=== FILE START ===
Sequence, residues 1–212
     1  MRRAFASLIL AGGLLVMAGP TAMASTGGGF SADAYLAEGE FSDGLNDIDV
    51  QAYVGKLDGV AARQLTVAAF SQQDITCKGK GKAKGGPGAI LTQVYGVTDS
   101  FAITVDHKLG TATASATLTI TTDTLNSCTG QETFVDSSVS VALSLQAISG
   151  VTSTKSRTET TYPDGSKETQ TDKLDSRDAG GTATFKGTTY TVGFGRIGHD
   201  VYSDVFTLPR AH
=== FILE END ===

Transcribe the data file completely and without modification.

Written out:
Sequence, residues 1–212
     1  MRRAFASLIL AGGLLVMAGP TAMASTGGGF SADAYLAEGE FSDGLNDIDV
    51  QAYVGKLDGV AARQLTVAAF SQQDITCKGK GKAKGGPGAI LTQVYGVTDS
   101  FAITVDHKLG TATASATLTI TTDTLNSCTG QETFVDSSVS VALSLQAISG
   151  VTSTKSRTET TYPDGSKETQ TDKLDSRDAG GTATFKGTTY TVGFGRIGHD
   201  VYSDVFTLPR AH